It was a pretty uneventful flight. There weren’t even any events like coffee or peanuts 🙁
Even though we couldn’t carryon our carryons due to being last on the plane with the overhead bins being full, you’d think that they’d come off first on the carrousel but no. I don’t know how last on became close to last off.
We got the shuttle bus Route #2 and headed for our home for the next few days.
The Wyndham Avenue Plaza Resort was the first stop! Their website says:
New Orleans, Louisiana is one of the prime vacation destinations in the world with a host of fun attractions, unforgettable special events like Mardi Gras, and epic nightlife complete with live jazz and blues seven days a week. Located in the historic Garden District, Avenue Plaza Resort is only minutes away from some of the most exciting urban districts, including the famous French Quarter, hip Magazine Street, scenic Jackson Square and St. Charles Avenue lined with grand architecture.
Just outside the door to these charming vacation suites you can easily catch the convenient New Orleans trolley line that travels straight to Canal Street and the French Quarter in just minutes and out to the fashionable Uptown district near Tulane University and Loyola University. You can also stroll through the Garden District to experience a real taste of the South, with the beautiful homes and historic landmarks that characterize this one-of-a-kind neighborhood.
We were greeted right off the shuttle by a most helpful gentleman who reminded us of some of the above and got us in to the registration desk.
After checkin, we got to our studio apartment, which is bigger than our first apartment was. There’s a view of the pool out back, a courtyard and the “Ashley House”, which was built above ground. Despite being built in the mid 1800s Ashley House and its entire historic memorabilia survived the massive flood waters that devastated New Orleans.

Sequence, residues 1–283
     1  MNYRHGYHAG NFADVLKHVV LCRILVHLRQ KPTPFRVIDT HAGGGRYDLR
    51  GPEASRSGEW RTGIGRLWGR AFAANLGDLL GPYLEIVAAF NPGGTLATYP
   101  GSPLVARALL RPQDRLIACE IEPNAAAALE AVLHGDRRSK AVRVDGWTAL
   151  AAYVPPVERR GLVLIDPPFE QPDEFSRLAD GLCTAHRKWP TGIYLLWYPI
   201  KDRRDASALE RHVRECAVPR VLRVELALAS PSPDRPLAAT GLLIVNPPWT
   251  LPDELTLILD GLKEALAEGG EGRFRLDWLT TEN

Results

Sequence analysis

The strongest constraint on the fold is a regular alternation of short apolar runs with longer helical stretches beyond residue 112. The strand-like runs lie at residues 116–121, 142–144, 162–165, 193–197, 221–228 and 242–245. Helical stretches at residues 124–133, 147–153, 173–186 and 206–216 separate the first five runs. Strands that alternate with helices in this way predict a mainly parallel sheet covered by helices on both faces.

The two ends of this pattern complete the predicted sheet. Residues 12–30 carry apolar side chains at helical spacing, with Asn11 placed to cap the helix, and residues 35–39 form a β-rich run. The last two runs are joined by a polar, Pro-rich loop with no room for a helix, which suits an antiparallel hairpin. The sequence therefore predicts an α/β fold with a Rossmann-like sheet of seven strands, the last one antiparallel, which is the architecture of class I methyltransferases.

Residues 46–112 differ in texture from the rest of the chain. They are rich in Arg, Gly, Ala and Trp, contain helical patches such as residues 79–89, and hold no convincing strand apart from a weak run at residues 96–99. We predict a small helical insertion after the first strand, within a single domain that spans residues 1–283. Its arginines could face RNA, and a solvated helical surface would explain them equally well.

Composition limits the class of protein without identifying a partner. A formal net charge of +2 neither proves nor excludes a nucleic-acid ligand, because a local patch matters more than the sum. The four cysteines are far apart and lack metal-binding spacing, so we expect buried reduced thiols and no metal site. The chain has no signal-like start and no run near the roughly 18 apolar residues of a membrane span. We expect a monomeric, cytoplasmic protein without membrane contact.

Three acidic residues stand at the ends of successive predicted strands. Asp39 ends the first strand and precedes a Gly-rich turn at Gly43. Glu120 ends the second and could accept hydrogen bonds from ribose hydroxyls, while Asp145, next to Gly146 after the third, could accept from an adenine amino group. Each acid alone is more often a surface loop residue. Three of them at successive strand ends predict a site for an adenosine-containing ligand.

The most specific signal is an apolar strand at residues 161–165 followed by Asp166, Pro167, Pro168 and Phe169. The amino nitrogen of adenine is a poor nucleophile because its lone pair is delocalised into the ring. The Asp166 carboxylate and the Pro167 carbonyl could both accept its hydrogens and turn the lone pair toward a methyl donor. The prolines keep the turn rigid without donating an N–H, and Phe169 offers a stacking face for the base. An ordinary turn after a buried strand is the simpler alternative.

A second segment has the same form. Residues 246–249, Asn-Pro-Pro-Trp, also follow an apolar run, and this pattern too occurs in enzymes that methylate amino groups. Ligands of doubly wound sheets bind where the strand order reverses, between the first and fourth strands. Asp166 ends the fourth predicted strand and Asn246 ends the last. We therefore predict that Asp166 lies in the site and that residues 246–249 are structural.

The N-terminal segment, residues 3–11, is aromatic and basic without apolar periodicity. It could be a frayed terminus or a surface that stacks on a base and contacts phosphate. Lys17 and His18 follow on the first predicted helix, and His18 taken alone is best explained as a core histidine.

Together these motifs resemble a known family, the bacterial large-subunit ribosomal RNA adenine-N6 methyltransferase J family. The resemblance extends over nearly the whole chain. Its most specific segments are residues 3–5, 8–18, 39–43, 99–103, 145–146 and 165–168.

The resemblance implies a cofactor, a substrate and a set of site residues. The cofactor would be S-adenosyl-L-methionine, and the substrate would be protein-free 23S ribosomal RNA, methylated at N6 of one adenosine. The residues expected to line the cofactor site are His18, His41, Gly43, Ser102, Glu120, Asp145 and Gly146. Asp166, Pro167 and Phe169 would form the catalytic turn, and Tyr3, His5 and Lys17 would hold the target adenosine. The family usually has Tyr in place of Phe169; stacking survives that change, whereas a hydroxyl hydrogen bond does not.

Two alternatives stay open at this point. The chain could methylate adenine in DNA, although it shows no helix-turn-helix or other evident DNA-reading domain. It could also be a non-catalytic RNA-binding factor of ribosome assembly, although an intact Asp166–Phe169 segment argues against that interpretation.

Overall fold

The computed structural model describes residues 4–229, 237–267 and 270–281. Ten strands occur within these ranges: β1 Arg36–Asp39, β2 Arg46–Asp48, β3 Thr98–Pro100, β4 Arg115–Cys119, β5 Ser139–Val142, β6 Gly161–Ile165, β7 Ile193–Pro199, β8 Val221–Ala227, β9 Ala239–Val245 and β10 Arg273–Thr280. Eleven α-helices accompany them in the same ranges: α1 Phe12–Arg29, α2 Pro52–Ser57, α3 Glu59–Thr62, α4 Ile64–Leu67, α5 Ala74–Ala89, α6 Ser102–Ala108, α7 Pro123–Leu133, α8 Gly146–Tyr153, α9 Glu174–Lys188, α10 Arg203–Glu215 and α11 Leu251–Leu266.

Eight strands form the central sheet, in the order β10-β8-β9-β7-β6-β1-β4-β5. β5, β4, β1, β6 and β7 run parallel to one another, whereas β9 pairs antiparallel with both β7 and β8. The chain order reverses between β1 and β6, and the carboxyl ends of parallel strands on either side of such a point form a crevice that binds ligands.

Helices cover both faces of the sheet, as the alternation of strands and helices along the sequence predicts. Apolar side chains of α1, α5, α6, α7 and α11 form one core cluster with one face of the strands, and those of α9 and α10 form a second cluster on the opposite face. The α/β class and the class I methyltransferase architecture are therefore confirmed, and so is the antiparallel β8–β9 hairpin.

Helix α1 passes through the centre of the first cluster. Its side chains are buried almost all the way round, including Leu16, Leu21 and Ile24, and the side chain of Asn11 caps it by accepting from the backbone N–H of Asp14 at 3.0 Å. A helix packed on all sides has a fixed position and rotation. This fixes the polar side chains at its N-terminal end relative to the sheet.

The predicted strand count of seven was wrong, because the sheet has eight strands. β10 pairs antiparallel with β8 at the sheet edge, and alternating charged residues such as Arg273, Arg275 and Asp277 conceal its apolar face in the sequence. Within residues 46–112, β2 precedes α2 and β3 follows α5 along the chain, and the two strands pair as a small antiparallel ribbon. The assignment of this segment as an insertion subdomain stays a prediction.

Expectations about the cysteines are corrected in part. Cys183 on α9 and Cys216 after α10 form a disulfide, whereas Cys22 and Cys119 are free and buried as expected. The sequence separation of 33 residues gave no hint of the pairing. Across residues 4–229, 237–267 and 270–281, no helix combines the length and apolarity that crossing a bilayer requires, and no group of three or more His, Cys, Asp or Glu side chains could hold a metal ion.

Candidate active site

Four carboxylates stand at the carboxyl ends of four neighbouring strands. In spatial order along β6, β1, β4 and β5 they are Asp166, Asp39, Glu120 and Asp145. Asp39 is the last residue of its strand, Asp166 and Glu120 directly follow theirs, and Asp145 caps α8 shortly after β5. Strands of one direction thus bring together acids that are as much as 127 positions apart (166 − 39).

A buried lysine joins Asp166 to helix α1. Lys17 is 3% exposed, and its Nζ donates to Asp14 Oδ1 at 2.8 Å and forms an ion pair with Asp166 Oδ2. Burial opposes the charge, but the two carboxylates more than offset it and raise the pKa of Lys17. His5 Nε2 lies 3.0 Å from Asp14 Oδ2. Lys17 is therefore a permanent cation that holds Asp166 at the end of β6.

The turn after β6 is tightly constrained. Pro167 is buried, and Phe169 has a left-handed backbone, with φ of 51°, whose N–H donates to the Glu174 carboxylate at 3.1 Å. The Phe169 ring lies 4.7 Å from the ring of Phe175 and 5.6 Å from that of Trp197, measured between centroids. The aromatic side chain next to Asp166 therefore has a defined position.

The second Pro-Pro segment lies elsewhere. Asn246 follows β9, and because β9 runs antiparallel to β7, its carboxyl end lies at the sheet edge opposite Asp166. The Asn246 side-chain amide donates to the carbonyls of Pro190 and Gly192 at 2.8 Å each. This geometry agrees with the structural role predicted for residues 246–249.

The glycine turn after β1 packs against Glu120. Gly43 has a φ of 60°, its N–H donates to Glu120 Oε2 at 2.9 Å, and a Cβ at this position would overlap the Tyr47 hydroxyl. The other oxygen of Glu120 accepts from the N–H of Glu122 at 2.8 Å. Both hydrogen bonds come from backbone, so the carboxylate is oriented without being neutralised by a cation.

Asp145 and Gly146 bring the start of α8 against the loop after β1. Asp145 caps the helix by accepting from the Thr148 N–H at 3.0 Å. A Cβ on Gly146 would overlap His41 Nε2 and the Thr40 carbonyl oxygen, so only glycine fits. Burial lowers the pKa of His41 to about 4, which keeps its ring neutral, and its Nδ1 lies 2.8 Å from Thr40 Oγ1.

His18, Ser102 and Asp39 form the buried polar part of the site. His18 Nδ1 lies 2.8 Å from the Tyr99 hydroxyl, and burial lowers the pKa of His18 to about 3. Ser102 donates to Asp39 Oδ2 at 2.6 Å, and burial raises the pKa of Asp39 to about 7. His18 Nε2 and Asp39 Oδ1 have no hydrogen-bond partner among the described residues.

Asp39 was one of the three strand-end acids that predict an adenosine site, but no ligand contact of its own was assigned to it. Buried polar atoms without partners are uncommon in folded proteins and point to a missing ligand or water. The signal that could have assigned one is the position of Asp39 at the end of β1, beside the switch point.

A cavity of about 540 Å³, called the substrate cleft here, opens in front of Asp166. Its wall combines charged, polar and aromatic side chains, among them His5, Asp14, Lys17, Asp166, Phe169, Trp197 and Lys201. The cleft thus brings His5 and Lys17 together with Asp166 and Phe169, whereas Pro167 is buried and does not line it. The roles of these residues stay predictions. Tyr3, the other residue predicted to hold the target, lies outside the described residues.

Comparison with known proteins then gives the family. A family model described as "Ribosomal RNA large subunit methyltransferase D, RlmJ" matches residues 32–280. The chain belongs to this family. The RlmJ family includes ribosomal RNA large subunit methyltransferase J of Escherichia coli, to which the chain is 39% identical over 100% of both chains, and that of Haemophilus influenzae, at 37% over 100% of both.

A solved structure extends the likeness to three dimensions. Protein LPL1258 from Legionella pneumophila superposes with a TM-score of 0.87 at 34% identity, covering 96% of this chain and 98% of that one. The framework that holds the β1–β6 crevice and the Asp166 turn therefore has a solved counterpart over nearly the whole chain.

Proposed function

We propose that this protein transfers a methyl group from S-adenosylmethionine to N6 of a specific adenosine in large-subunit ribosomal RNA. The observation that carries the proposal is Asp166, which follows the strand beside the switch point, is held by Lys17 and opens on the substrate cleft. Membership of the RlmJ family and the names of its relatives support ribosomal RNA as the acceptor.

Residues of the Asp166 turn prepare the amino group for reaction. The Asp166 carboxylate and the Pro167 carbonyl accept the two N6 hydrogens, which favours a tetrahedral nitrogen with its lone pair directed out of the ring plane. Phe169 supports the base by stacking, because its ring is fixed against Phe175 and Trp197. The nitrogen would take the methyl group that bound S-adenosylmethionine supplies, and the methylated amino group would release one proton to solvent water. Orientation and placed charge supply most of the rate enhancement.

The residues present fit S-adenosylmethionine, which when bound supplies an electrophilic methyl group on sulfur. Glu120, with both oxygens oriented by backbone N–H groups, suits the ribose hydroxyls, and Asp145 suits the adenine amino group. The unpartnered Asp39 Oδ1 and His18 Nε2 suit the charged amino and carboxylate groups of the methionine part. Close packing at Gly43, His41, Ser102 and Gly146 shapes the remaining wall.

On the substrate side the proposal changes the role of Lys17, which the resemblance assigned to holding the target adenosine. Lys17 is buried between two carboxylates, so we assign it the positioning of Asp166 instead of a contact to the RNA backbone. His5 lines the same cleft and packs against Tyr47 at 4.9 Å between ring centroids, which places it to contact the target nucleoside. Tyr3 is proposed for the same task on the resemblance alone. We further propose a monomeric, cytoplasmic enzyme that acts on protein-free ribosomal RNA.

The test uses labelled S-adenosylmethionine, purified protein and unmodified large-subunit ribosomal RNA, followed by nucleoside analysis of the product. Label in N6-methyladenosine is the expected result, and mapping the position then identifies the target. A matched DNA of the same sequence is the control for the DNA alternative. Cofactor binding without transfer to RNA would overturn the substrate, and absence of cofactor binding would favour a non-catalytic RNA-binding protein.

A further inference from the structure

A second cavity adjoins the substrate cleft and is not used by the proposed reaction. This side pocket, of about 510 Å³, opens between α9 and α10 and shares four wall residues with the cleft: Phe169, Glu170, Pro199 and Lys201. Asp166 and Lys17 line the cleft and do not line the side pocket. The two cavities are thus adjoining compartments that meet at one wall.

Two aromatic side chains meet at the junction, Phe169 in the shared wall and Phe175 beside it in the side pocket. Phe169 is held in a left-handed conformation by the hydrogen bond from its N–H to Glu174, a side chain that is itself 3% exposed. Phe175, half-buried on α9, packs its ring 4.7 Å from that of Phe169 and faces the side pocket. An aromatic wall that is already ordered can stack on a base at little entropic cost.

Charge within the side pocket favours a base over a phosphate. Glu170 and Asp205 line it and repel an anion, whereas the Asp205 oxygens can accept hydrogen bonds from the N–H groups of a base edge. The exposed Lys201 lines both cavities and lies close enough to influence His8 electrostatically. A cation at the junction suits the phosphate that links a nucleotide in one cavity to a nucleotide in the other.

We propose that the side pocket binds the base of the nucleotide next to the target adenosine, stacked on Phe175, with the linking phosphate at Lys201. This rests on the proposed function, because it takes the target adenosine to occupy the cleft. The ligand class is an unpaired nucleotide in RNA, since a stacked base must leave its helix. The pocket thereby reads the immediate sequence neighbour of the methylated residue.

It once housed prisoners of the Civil War, and is reputedly haunted by an ethereal woman in the parlor, a phantom pianist, and footsteps sounding in unoccupied parts of the house. Numerous “cold spots”, unusual electrical disturbances, and doors that are operated by unseen forces have been reported.
Though the ghosts in residence claim it was they who held the flood waters at bay, salvation was more likely due to the original designers building the property above ground because the common superstition of the day was that feared diseases such as malaria and yellow fever originate from the ground!
We’ll actually have to go check that out!
After we got settled, we headed out four our first streetcar trip to Canal Street. We got off at the end of the line, walked around a bit, then got something to eat at a Marriott. Back on the streetcar for our new home.
I did a bit of work while Tom went out junk-food shopping.
Major nap, then shower, then bedtime.
We’re staying in the Garden District. From http://www.neworleansonline.com/tools/neighborhoodguide/uptown.html
The Garden District is a dynamic community grounded in a strong sense of tradition. Some of its homes are still known by the names of the families that built them over a century ago, and official flags designating Mardi Gras Royalty are a common sight here during Carnival season.
Laid out in 1806 by Barthelemy Lafon as an open, semi-urban system of interrelated parks with basins, fountains and canals, the Garden District was “one of the earliest expressions of the Greek Revival to appear in New Orleans,” according to noted architect, the late Samuel Wilson, Jr. The streets still bear the names of the nine muses of Greek Mythology, and many of the mid-19th century Greek Revival and Italianate homes built in this classical setting remain.
Today stroll under the oaks of Coliseum Square or any of the smaller parks in the Garden District and you are likely to find locals playing with their dogs or reading on the grass. Walk down Magazine Street, the neighborhood’s commercial center, and feel the energy as antique shops give way to contemporary design studios, offbeat clothing stores, restaurants, and much more. Visitors can even find an old-world barber shop, operated by Irish barber Aidan Gill, who offers Guinness and whiskey with his hot towel shaves.
Dubbed the “Garden District” for its capacious showy gardens, this New Orleans Neighborhood is noted for its astounding scenery-just one of its numerous attractions. Visitors are amazed by the elegant homes and the stylish setting that lends itself to a very relaxing and enjoyable experience for all.